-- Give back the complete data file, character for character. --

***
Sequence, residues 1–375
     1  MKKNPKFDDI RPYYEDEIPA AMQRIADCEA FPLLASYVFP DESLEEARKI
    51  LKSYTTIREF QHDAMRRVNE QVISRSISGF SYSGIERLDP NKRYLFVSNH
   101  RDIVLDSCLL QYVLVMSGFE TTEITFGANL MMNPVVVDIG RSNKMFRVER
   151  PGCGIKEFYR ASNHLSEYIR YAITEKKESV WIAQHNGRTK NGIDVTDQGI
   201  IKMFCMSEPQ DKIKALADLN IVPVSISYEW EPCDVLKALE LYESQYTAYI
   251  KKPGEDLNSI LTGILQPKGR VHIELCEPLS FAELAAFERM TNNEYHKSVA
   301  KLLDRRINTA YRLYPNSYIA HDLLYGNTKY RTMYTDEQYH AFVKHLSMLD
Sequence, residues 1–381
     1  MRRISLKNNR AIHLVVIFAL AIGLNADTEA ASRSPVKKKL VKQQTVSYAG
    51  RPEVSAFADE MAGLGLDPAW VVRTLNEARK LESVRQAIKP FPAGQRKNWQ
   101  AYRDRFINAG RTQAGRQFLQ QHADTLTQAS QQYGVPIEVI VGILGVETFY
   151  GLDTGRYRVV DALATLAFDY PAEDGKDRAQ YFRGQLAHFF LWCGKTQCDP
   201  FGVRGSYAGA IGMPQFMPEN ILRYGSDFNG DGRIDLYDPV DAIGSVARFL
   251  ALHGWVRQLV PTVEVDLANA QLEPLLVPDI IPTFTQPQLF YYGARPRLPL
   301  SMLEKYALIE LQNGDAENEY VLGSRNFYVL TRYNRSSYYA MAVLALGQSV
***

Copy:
Sequence, residues 1–375
     1  MKKNPKFDDI RPYYEDEIPA AMQRIADCEA FPLLASYVFP DESLEEARKI
    51  LKSYTTIREF QHDAMRRVNE QVISRSISGF SYSGIERLDP NKRYLFVSNH
   101  RDIVLDSCLL QYVLVMSGFE TTEITFGANL MMNPVVVDIG RSNKMFRVER
   151  PGCGIKEFYR ASNHLSEYIR YAITEKKESV WIAQHNGRTK NGIDVTDQGI
   201  IKMFCMSEPQ DKIKALADLN IVPVSISYEW EPCDVLKALE LYESQYTAYI
   251  KKPGEDLNSI LTGILQPKGR VHIELCEPLS FAELAAFERM TNNEYHKSVA
   301  KLLDRRINTA YRLYPNSYIA HDLLYGNTKY RTMYTDEQYH AFVKHLSMLD
Sequence, residues 1–381
     1  MRRISLKNNR AIHLVVIFAL AIGLNADTEA ASRSPVKKKL VKQQTVSYAG
    51  RPEVSAFADE MAGLGLDPAW VVRTLNEARK LESVRQAIKP FPAGQRKNWQ
   101  AYRDRFINAG RTQAGRQFLQ QHADTLTQAS QQYGVPIEVI VGILGVETFY
   151  GLDTGRYRVV DALATLAFDY PAEDGKDRAQ YFRGQLAHFF LWCGKTQCDP
   201  FGVRGSYAGA IGMPQFMPEN ILRYGSDFNG DGRIDLYDPV DAIGSVARFL
   251  ALHGWVRQLV PTVEVDLANA QLEPLLVPDI IPTFTQPQLF YYGARPRLPL
   301  SMLEKYALIE LQNGDAENEY VLGSRNFYVL TRYNRSSYYA MAVLALGQSV